Author and engineer Bob Needham, left, talks to John Eyster with Watermark Property Group, LLC on the closing day of the AngelSummit investors' summit Wednesday, Oct. 14, 2015, in Chattanooga, Tenn. Techstars founder Andrew Hyde was the keynote speaker for the summit, which connects startup business leaders and entrepreneurs.

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Summit focuses on investment and community

What is AngelSummit?

* A conference put on by Washington DC-based Startup Angels aimed at framing the startup investing landscape in order to facilitate conversation among community and industry leaders, and ultimately prepare more investors to fuel greater innovation in their communities.

AngelSummit US offers attendees insights and tactics for building successful, scalable startup portfolios that are just as innovative as the companies they finance, according to Startup Angels.

The first summit was in Dallas last year, followed by one in Spain. The next, AngelSummit Americas, will be in 2016. The location has not yet been disclosed.

Conversation about investing was the coin of the realm for AngelSummit US, the two-day conference in the midst of Startup Week Chattanooga. After all, getting a cash infusion can be critical to launching a company.

The summit, held Tuesday and Wednesday, didn't center on the sizzling visions of budding companies. Instead, it was for investors, to help them learn more about putting money to good use in startups. It brought together accomplished entrepreneurs, business leaders and investors from across the country.

Patrick Turns, managing director for Selego Capital, arrived from Nashville Tuesday night. His firm helps families find attractive investments.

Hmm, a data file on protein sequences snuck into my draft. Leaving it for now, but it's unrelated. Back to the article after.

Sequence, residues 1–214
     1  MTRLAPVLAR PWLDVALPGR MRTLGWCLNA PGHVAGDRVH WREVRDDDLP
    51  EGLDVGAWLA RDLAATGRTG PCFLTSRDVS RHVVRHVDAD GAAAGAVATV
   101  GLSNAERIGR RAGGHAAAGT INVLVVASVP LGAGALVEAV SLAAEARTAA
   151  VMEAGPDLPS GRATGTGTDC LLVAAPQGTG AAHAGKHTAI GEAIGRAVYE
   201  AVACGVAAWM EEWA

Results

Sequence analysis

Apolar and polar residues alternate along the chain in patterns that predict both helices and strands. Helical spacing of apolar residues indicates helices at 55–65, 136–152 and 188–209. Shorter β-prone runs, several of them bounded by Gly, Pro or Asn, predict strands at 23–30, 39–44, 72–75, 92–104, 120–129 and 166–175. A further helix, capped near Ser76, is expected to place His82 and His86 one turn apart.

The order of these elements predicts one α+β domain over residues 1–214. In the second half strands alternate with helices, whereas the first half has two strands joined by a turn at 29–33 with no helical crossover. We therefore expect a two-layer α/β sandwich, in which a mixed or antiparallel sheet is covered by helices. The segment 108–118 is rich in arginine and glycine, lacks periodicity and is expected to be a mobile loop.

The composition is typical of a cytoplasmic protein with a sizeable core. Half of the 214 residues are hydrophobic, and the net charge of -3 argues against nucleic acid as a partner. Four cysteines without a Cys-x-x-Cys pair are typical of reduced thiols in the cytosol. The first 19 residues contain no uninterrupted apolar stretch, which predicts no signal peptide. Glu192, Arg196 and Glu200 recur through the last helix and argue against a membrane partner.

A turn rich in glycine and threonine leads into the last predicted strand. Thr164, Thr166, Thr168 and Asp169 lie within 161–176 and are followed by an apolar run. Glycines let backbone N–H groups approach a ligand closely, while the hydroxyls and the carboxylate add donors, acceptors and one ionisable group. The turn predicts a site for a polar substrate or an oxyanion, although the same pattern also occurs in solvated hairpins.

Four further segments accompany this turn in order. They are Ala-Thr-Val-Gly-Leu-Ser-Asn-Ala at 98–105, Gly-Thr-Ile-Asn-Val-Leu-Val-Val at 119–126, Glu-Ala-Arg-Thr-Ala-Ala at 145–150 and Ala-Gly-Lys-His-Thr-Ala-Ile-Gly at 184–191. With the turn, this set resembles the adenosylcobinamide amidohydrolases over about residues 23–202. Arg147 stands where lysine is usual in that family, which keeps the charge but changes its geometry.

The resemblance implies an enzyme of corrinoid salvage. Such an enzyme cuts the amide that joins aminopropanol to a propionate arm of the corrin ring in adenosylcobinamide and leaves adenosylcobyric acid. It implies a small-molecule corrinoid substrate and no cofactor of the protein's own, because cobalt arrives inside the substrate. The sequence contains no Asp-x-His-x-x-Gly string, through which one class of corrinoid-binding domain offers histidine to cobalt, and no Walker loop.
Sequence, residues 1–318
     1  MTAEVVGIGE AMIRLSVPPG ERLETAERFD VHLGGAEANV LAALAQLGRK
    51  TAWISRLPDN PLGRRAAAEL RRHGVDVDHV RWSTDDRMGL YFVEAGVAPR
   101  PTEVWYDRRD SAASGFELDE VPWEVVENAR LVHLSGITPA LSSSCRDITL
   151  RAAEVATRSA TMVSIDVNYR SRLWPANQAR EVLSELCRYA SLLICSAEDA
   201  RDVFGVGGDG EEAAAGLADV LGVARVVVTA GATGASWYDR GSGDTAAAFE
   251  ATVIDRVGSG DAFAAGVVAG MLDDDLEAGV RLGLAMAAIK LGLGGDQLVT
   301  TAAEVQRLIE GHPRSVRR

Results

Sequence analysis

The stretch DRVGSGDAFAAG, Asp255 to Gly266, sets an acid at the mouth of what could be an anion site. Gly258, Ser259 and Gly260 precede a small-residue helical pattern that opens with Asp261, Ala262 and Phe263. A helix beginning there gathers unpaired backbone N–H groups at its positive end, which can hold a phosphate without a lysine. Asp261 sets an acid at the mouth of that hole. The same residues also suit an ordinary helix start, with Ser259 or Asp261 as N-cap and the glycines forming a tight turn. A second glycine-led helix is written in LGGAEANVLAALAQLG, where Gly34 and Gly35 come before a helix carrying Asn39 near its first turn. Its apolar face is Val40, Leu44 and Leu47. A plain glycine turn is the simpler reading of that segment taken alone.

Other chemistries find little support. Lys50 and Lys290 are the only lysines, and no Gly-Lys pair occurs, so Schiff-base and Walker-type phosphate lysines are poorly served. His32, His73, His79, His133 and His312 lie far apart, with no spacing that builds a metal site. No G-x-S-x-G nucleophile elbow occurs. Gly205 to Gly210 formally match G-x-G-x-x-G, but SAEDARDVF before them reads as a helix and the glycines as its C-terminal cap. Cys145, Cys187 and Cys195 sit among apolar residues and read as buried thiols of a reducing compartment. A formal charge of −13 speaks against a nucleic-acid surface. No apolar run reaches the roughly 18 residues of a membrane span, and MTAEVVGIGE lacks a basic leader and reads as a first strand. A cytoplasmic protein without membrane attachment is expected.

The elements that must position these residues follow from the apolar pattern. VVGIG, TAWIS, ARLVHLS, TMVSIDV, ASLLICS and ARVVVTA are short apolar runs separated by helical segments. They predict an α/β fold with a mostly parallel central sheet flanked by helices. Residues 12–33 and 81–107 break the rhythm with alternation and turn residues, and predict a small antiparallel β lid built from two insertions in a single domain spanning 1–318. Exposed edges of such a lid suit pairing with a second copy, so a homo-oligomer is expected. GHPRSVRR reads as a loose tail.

"It's an opportunity to network with other investors," Turns said. He'd made it to a keynote talk or two and planned to attend a session titled "How Investors Think" late Wednesday afternoon.

Lisa Calhoun, a general partner from Valor Ventures, was up from Atlanta for the summit, too. She moderated a panel titled "Role of Angel Groups and Associations" Wednesday morning. Her venture capital fund is looking to raise $50 million in the next year and has already raised $5 million, she said.

But there is another way to frame investment and it doesn't have to do with money, according to Andrew Hyde, who founded the original Startup Weekend and gave Wednesday's closing keynote speech.

It has to do with community, and community created authentically and maintained with good intention, helps startup projects blossom, Hyde said. That means not being proprietary, even in how an entrepreneurial community evolves. It means sharing ideas and not being bitter if your buddy gets money from an investor you thought you'd get money from.

"Everyone feels welcome, everyone feels valued, everyone can be complex," Hyde said. That sense of collaboration is what brought about success for the startup community that he's part of, in Boulder, Colo."

Also, a startup doesn't have to be something scalable, or tech-y or become something huge, Hyde offered. His definition of a startup: "A project of passion." That can mean launching a stand.

Hyde, who said he's given talks on entrepreneurship in 67 countries in the past five years, encouraged Chattanooga to maintain its own identity.

"I've learned that Chattanooga does not have an annoying 'Silicon-blank' name. Keep it that way. Chattanooga should be plainly just Chattanooga," he said.

Startup Angels brought AngelSummit to the Scenic City, following similar events during the past year in Dallas and Spain. The Washington D.C.-based company describes itself as a global platform for new angel investors to learn about startup investing and expert investors to learn about new markets.

Launch Tennessee president and CEO Charlie Brock had spoken at the Dallas AngelSummit US event last November. He approached Startup Angels founder and CEO Leslie Jump about bringing the event to Tennessee. One event a year is focused on the United States, Jump said.

"I just asked the question," Brock said. Launch Tennessee is a public-private partnership supporting the development of high-growth companies in Tennessee.

As it turns out, mid-sized cities, like Chattanooga, are great for new companies to get going, Jump said. "They're sort of nimble, like startups," she said Wednesday. "We saw that in spades here."

Contact Mitra Malek at Follow her on Twitter @MitraMalek.